How lucky we are as photographers to be able to create professional looking photos, right in our own living room or kitchen!
Today is the last part of a 3-part series from S&SPC reader and stock photographer, Kim Nelson, on taking tabletop stock photos in your home.
Today, we’re going to wrap up with a look at Kim’s favorite tools for making your life easier when shooting in your own home “studio.”
Use this list to take your tabletop stock photos to the next level!
Tabletop Photography Essentials
By Kim Nelson, Stock Photographer
As you experiment with tabletop photography, here are a couple of things to watch out for:
- Tiny distractions. I have three cats and no matter how much I try to keep their fur cleaned up, a stray piece always manages to find its way in. Always check your scene very carefully for things like crumbs, dust, hair, or stray fur before you start shooting.
Having a small collection of tools handy to clean up your scene is a must. My two favorite cleaning tools are a small paint brush and a large pair of tweezers. Removing any stray fur and particulates later is Lightroom is more time consuming than taking care of it before the shoot.
- Stabilization. For tabletop photography, it’s best to use a tripod to avoid camera shake. This way you can keep your ISO low and it won’t matter if your shutter speed is slow. It’s also a good idea to use a remote trigger (or set the self-timer) to reduce any chance of wiggling the camera when you take the shot.
A key point when shooting on a tripod is to make sure to turn off any image stabilization on your camera lens (if your lens has it). Your camera doesn’t know when it’s locked down on a tripod and will continue to try to stabilize your image – which actually adds vibration.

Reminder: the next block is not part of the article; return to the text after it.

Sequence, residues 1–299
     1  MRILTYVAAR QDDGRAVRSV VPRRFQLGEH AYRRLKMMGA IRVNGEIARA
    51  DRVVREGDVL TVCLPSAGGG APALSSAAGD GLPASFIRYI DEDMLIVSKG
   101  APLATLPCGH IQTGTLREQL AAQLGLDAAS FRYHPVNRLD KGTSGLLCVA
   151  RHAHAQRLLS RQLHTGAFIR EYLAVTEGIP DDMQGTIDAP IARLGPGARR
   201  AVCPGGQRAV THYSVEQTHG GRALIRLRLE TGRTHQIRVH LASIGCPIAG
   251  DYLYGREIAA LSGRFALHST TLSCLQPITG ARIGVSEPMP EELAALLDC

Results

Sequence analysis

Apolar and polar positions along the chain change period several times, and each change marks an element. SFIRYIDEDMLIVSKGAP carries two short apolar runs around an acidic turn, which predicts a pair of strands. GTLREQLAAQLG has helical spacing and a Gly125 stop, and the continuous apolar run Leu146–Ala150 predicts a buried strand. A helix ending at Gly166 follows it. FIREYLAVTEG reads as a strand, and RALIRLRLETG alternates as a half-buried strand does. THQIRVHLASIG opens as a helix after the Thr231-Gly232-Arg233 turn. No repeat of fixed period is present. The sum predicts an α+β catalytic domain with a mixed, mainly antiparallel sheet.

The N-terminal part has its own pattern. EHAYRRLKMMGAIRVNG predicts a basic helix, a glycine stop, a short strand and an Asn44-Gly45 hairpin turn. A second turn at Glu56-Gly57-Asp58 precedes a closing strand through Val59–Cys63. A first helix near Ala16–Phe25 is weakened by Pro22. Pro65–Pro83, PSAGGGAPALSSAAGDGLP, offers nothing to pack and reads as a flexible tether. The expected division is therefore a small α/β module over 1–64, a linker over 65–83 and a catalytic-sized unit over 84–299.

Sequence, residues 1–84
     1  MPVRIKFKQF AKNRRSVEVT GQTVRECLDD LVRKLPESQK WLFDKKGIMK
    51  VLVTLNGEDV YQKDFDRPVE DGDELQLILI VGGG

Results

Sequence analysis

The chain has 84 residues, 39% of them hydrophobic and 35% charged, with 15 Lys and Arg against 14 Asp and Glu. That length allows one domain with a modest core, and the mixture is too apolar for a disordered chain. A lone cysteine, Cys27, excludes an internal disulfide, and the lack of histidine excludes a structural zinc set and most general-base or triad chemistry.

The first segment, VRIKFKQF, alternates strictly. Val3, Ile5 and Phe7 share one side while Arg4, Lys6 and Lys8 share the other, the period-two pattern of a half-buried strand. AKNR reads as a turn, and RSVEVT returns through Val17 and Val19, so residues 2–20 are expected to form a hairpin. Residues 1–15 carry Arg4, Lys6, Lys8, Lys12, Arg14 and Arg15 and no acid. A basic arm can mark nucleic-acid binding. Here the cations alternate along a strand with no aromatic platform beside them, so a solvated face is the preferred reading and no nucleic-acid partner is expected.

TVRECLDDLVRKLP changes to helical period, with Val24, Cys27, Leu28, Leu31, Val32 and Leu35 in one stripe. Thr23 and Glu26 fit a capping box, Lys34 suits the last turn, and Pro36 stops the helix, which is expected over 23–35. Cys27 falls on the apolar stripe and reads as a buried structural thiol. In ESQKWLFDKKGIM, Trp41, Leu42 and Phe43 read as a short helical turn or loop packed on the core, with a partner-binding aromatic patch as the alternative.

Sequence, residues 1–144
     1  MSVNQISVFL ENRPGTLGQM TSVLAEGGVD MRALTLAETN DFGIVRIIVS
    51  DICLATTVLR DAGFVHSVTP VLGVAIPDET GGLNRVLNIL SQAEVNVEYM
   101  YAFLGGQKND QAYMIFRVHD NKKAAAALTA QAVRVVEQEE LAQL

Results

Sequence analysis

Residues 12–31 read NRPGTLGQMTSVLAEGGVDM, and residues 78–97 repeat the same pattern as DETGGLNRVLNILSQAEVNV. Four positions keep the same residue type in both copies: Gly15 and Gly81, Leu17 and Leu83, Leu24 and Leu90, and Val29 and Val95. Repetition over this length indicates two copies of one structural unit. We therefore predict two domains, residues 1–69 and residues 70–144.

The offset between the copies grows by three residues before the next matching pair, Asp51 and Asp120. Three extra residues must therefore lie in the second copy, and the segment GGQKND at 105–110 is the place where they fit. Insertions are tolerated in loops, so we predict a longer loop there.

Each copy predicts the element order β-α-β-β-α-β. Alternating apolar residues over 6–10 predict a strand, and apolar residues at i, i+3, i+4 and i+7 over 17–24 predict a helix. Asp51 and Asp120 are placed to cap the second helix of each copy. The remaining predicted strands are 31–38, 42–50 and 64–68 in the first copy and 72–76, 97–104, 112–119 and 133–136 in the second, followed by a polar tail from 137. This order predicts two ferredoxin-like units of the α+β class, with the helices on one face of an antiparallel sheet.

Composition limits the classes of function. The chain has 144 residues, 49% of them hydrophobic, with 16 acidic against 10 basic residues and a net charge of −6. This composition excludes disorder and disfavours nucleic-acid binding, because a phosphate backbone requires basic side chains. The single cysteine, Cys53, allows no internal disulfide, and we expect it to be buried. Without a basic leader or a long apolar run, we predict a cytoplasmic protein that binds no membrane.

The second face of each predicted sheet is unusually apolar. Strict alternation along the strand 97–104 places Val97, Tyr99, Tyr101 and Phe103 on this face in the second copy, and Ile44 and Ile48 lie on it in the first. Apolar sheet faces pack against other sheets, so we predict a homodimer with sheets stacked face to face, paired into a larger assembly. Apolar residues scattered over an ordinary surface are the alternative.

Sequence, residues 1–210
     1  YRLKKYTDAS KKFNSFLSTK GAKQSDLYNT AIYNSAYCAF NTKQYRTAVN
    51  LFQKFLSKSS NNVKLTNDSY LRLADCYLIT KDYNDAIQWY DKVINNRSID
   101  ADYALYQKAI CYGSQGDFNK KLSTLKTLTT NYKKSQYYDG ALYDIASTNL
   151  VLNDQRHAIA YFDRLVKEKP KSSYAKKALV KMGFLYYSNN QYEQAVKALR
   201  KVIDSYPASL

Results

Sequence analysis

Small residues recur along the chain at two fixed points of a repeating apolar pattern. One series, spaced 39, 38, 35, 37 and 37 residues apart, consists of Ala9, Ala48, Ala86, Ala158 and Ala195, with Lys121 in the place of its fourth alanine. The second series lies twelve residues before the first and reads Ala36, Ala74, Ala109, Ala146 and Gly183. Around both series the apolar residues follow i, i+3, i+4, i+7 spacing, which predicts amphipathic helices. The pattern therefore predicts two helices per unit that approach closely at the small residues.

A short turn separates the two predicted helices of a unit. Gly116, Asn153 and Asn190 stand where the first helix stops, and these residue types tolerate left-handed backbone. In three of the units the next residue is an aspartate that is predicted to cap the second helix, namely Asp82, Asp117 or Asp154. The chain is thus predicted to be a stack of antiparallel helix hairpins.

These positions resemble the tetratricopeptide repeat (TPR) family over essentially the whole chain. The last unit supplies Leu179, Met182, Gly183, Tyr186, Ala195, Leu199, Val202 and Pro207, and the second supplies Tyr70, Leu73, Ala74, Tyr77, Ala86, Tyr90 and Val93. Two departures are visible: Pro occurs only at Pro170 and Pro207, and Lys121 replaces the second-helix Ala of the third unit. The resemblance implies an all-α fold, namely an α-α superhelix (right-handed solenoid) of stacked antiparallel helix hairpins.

Here is a list of my favorite tools for a successful stock photo tabletop shoot!
Favorite Tabletop Shooting Tools
- Tripod or C-Stand for holding your camera and also positioning light modifiers.
- Remote trigger so you don’t wiggle the camera when you shoot. (Self-timer mode also works.)
- Diffusion material such as a collapsible diffuser and microfiber fabric shower liner.
- Light modifiers (white & black foam core board).
- Spring clamps in assorted sizes from the hardware store. These can be used to clamp diffusion material over a window, hold up foam core, etc.
- Gaffer Tape. This is a splurge item that is well worth the cost. I like it because it does not leave any sticky residue and is a lifesaver when you need to hold things in place.
- Lens cleaning cloths and blower bulb.
- Bounty paper towels (has the least amount of lint.)
- Small paintbrush – used for brushing dust, crumbs, etc. off surfaces and subjects.
- Lint roller for removing pet fur and dust specks.
- Q tips – great for cleaning food and liquid off sides of bowls, plates, drinking glasses, etc.
- Toothpicks, skewers, chopsticks – great for moving small objects with precision.
- Large tweezers to move things with precision.
- Hot shoe bubble level – level camera in two directions for flat lays.
- Makeup wedges – to prop up objects.
Of course, you don’t need to get everything on this list at once.
I started off small, purchasing very little, until I decided I liked this genre of stock photography and started having some success with it. I already had a tripod and bought white and black foam core boards and shower curtain liners. That’s it. I bought the C-stand for overhead shots only after I really started getting into food photography.
My recommendation is to start off with items you have around your house and shoot things that interest you. Relax, play, experiment, and have fun with it.